The U.S. Mine Safety and Health Administration (MSHA) and the widows of two men killed in a fire in an underground coal mine have reached a settlement in the women’s lawsuit. The agency has agreed to pay $1 million and to develop a training course at the National Mine Safety and Health Academy in order to prevent fires in the future. The agency did not admit liability in the accident.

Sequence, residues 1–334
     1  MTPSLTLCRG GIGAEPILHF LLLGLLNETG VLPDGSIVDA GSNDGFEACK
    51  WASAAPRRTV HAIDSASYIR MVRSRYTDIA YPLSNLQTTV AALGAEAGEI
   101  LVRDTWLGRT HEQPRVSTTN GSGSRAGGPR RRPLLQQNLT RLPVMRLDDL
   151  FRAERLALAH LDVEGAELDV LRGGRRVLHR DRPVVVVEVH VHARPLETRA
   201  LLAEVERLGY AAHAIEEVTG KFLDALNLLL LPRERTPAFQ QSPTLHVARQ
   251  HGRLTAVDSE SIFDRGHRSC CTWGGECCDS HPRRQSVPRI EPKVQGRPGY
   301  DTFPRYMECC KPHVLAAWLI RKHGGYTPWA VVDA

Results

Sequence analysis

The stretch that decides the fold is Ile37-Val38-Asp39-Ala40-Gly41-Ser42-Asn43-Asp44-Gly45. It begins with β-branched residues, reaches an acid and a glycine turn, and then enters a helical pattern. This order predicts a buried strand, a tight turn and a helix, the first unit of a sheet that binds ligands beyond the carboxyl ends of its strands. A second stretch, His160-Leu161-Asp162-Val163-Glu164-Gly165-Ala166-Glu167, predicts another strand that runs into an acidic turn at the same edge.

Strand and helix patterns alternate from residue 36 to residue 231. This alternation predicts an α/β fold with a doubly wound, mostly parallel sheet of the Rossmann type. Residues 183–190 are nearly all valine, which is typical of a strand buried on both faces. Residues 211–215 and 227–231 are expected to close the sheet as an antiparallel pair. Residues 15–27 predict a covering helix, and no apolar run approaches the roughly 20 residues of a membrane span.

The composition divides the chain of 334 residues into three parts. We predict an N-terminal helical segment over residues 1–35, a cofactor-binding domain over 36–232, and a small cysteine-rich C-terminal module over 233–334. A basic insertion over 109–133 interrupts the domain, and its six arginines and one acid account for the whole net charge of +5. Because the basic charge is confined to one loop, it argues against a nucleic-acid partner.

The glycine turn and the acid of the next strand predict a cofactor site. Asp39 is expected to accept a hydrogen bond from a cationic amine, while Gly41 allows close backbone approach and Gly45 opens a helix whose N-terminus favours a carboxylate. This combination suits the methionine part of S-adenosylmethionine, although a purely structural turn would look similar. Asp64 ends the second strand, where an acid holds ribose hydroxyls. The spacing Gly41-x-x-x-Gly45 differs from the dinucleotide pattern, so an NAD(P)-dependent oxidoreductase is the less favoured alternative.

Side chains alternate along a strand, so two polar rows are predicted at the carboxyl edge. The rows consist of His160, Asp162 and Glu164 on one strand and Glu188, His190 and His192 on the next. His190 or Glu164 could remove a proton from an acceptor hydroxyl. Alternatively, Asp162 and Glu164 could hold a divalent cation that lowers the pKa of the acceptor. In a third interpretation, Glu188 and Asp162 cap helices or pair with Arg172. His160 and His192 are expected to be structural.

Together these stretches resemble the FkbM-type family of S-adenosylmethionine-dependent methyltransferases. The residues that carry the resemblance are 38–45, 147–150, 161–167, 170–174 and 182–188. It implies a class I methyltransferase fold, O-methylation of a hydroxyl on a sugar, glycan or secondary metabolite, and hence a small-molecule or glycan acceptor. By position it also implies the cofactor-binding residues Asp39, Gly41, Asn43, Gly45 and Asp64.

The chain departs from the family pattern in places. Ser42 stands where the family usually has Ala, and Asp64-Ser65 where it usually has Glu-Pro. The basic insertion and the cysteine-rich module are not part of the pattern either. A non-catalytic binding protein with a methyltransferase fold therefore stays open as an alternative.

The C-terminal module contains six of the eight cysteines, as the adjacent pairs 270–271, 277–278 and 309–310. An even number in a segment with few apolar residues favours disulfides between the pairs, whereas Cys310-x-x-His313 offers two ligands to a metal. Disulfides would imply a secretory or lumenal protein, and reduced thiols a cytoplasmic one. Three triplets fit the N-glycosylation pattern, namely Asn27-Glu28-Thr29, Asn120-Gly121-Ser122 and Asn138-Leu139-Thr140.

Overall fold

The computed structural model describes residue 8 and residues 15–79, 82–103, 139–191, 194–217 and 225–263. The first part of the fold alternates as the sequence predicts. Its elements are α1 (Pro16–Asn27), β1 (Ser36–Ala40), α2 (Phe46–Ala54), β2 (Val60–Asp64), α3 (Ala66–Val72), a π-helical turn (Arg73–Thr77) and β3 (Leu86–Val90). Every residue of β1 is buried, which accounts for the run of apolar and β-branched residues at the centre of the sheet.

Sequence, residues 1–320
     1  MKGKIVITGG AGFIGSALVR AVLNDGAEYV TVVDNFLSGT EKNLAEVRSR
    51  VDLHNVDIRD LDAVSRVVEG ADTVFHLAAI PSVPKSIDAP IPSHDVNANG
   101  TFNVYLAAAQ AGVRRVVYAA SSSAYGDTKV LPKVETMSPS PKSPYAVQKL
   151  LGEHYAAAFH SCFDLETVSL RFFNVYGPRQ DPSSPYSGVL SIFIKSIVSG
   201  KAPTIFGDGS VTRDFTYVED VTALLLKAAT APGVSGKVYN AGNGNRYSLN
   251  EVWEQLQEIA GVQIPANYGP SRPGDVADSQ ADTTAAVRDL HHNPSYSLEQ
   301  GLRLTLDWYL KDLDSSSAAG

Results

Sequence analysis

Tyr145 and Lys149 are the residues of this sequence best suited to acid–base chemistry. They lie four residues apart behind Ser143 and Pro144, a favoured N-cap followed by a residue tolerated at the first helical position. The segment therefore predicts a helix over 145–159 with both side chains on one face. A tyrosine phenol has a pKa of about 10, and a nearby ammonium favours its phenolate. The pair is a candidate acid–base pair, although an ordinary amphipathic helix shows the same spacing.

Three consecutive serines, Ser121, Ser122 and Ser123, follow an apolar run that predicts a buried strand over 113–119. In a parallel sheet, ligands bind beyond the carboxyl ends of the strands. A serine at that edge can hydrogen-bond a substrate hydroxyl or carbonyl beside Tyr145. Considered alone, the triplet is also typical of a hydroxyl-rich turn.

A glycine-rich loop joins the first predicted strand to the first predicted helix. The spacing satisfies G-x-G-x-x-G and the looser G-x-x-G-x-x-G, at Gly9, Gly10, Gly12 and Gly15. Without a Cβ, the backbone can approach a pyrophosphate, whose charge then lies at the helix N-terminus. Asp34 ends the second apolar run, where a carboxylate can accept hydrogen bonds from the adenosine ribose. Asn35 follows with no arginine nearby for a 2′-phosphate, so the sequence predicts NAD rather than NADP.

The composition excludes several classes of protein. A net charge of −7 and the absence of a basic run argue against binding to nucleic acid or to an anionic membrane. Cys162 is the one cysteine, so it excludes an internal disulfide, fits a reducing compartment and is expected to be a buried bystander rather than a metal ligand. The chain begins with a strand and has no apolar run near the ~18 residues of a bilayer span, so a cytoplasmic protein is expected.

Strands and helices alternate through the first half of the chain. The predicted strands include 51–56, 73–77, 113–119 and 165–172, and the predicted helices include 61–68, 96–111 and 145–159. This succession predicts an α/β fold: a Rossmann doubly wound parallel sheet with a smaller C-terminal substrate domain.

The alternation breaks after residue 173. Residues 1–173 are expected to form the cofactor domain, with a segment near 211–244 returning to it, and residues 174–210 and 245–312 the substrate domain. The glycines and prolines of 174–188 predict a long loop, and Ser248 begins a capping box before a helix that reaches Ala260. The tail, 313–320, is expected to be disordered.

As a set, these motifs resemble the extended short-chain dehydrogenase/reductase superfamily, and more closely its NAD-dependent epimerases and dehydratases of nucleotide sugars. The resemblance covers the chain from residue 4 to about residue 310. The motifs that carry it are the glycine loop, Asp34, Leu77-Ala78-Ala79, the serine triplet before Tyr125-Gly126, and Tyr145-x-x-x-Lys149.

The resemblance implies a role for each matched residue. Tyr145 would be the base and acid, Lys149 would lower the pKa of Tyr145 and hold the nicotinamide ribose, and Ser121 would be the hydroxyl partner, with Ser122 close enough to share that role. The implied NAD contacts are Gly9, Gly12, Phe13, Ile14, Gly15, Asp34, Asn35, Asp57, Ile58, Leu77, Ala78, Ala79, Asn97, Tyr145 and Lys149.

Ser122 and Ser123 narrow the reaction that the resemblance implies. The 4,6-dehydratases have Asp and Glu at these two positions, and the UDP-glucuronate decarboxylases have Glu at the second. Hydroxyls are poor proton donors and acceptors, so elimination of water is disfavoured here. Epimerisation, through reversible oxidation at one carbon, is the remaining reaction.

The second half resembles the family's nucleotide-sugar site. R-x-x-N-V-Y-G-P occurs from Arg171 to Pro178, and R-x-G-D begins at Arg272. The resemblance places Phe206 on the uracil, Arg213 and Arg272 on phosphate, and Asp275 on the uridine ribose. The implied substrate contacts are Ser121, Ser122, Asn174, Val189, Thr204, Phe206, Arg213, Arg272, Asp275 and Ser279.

Incident Details According to lawsuit documents, on January 19, 2006, Don Bragg and Ellery Hatfield died of carbon monoxide poisoning in Massey Energy’s Aracoma Alma No. 1 mine.Two fire trucksA faulty ventilations system caused smoke to enter the mine’s escape route, reducing visibility. Miners had difficulty locating a personnel door that was unmarked due to the poor visibility, and lack of training caused them to have difficulty using their breathing devices. Ten miners made it out of the mine. Widow Lawsuit In April 2010, Delorice Bragg and Freda Hatfield filed a lawsuit against MSHA alleging that the agency was negligent. The widows filed a petition last week asking the U.S. District Court in Charleston to approve the settlement. The women hope that the training course will prevent another incident like that which occurred in Aracoma. Lawyers for the women said that there have been too many widows and too many injuries in the mining industry. Ongoing Criminal Investigation The lawsuit settlement acknowledges that there is still an ongoing criminal investigation into both the Aracoma incident as well as a 2010 explosion at the Upper Big Branch mine that killed 29 miners. The widows believe that it is management thinking that leads to such tragedies and hope to change laws that will better protect miners. When the negligence is suspected as the cause or contributing factor in an accident that causes death, a wrongful death lawsuit may be in order. Contact Dallas-Fort Worth lawyers at Frenkel & Frenkel to schedule a free initial consultation regarding an accident where injuries may have been caused or worsened by negligence to learn what laws may be available to protect you and your family.

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